Review by Andrew L. Urban:
"With all the idiosyncratic, painful, funny and recognisable revelations about
derailed family life and the cinematic inventiveness of a Sweetie in combo with Radiance,
Soft Fruit is a unique and uniquely entertaining film of serious passion, compassion - and
death defying feats of humanistic humour.
Director Andreef and her cinematographer
Baranyai have distilled Australian cinematic style and made it their own with some simple
yet powerful ideas that serve the film’s main purpose – the exposition of a
family through its relationships to each other. Each element, from the superb, careful
casting to the spirited and wonderful soundtrack (music & sound) is crafted excellence
adding - sometimes subliminally – to the film’s impact.
Defying all categories,
Soft Fruit is a ripe, appetising movie. Performances are all outstanding and will probably
earn (certainly deserve) accolades, come awards night. Jeanie Drynan’s central
character as mum is palpably real, complex, lovable and so finely crafted as to make it
seem effortless; character acting at its most sublime. But mum’s daughters are equal
to the challenge, as is the extraordinary son. Soft Fruit is a perfect example of showing
universal truths through the particular, and don’t believe anyone who tells you
it’s a woman’s film. It’s a film for all of us – at least for those
who have a mother or a father. Or both. Or siblings. Or feelings…."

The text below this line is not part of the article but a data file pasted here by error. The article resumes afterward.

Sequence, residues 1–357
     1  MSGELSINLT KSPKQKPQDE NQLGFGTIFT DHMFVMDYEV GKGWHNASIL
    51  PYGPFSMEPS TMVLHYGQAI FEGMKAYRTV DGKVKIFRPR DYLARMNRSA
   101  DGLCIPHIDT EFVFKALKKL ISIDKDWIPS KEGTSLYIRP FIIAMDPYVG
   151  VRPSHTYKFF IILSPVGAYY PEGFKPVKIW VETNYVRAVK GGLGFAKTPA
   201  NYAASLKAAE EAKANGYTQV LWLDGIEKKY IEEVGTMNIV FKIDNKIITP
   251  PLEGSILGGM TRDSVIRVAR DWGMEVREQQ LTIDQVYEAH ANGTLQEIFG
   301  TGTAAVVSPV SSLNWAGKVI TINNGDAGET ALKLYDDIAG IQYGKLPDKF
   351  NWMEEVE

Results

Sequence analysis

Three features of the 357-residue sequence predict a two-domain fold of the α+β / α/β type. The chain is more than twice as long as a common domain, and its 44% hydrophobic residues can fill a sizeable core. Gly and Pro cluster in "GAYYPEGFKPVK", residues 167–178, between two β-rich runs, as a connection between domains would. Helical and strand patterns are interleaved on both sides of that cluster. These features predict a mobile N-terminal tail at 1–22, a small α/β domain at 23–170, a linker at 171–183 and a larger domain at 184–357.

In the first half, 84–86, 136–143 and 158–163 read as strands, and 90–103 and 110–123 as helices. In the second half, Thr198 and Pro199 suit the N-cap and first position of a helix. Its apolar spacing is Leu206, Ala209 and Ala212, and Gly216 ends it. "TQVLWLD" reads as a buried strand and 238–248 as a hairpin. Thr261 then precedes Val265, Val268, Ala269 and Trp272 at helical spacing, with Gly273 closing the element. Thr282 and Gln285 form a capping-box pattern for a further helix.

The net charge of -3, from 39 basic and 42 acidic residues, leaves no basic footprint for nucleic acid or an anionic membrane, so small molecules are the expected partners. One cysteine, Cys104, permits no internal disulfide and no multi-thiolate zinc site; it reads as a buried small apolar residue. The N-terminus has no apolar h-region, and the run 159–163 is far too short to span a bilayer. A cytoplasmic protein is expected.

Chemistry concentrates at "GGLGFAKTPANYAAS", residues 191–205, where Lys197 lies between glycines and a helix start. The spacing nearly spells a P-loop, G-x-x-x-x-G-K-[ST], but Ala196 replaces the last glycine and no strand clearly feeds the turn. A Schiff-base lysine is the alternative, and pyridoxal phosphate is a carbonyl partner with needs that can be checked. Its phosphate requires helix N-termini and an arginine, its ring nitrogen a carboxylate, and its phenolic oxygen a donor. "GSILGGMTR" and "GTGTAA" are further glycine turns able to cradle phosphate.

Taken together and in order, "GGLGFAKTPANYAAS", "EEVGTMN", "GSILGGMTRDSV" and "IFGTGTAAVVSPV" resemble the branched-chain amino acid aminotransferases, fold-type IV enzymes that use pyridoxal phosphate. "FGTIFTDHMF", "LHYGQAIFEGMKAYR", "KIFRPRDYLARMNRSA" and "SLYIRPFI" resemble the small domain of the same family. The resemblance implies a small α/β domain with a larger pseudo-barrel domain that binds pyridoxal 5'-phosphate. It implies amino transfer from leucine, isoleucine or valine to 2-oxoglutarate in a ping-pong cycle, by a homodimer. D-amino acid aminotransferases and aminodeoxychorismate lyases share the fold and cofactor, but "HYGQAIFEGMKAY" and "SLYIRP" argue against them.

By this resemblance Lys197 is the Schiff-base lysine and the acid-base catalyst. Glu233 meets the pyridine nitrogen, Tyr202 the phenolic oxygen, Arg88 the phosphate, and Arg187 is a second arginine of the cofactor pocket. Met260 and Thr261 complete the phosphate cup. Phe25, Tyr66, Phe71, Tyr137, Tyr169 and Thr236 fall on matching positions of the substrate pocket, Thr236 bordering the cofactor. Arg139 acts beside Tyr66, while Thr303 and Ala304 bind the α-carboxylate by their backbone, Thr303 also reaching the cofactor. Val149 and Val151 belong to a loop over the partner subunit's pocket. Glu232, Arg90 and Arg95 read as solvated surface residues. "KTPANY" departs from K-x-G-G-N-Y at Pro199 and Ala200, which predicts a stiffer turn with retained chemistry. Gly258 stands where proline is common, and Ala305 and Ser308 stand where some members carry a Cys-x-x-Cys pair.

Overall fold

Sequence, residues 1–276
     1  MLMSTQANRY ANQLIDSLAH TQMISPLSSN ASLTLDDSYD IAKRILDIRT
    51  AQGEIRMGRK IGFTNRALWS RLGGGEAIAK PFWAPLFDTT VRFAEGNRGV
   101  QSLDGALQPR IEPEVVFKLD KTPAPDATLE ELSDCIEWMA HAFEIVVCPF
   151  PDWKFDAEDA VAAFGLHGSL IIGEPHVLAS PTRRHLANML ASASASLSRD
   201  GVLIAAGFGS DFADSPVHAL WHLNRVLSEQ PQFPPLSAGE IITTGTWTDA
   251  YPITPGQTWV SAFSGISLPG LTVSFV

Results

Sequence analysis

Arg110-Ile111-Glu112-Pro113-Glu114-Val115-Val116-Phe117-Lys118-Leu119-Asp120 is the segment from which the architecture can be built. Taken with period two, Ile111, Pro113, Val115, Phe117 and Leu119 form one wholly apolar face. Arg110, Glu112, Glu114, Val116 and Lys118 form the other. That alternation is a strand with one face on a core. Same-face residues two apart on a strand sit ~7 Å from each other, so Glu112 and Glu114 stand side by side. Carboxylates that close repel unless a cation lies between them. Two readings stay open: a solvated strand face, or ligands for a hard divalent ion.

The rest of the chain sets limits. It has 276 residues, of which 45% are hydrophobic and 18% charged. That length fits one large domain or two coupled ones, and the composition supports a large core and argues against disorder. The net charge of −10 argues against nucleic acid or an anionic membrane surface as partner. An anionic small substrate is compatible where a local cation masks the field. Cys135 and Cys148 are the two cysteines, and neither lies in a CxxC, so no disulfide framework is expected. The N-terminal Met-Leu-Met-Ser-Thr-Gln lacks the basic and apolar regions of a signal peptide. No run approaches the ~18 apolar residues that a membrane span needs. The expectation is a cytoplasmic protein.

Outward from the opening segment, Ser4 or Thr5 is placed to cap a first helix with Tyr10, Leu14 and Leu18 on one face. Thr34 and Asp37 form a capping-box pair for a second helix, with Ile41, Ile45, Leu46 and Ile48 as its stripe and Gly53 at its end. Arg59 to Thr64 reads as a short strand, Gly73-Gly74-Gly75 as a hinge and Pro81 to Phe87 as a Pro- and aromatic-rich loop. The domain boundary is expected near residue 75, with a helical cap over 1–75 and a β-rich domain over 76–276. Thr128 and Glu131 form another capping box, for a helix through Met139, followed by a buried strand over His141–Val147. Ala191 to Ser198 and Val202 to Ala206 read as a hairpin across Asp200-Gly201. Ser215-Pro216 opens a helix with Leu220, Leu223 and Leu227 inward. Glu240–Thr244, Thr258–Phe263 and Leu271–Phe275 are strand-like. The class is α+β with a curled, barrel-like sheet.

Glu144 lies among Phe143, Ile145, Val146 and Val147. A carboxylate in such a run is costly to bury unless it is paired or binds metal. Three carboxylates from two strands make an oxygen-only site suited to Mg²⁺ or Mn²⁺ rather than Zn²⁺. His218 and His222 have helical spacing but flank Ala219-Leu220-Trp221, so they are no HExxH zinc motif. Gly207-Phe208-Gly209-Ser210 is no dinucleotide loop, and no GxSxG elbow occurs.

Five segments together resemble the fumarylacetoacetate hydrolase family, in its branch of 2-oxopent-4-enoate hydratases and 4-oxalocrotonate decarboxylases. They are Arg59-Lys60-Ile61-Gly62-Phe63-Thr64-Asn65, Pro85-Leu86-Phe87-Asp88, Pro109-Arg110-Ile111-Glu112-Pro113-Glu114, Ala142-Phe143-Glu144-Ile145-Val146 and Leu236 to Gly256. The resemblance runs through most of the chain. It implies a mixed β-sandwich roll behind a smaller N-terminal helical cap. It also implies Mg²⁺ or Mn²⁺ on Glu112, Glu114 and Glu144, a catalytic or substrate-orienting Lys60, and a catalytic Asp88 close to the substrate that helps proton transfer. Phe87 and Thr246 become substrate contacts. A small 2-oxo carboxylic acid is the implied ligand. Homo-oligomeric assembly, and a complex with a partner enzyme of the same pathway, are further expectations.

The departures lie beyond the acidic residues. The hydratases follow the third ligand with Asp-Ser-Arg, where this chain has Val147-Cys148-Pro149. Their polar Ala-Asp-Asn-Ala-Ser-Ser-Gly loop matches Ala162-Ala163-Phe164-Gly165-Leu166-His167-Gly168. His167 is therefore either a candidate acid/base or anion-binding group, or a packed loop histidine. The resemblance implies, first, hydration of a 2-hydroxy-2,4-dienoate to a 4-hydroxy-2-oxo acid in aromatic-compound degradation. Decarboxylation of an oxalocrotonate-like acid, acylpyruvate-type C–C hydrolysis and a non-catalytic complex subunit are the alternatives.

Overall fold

Review by Louise Keller:
"Poignant, funny, offbeat and very moving, Soft Fruit is a delectable gem,
eminently worthy of consumption. Christina Andreef's observant, cutting script and assured
direction is complemented by superb performances, showcased by tight editing and a rich
soundtrack, which like the whole film, is not always what you expect.
This is a story
about family members who love and hate each other. They share obsessions such as weight
loss, bear grudges and harbour grievances from baggage never discarded. They display
intimate eccentricities that are not only overtly very funny, but honest, and very raw in
their emotions. The central character Patsy - Jeanie Drynan is extraordinary in her best
role ever - is the catalyst for bringing the family together. There are elements
reminiscent of Radiance, yet Soft Fruit glows with the confidence of a unique and special
film. Its humour is infectious, often off the wall and never in bad taste. The beach
outing, when the wheelchair is liberated, and the morphine shared, is a special moment not
to be forgotten.
But under the laughs, the jocular fights and bitterness, lies a deep
profound love and need for each other. This is not the kind of love and need that is
expressed in eloquent phrases or sonnets, but by things that are not said within the angst
of day to day living. All the performances are excellent, with Russell Dykstra outstanding
as Bo, and exuberant Sacha Horler, a real scene stealer. The use of music and expressive
sounds (there is a whole scene that features the entire family snoring) is both surprising
Bitter-sweet, provocative and thoroughly entertaining, Soft Fruit is a
delight, a marvellous new Australian film that breaks boundaries."